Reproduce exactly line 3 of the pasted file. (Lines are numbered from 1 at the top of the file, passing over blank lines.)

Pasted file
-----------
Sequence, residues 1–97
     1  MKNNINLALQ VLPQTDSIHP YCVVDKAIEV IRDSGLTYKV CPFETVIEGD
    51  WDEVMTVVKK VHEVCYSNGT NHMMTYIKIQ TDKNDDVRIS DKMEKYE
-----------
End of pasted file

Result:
    51  WDEVMTVVKK VHEVCYSNGT NHMMTYIKIQ TDKNDDVRIS DKMEKYE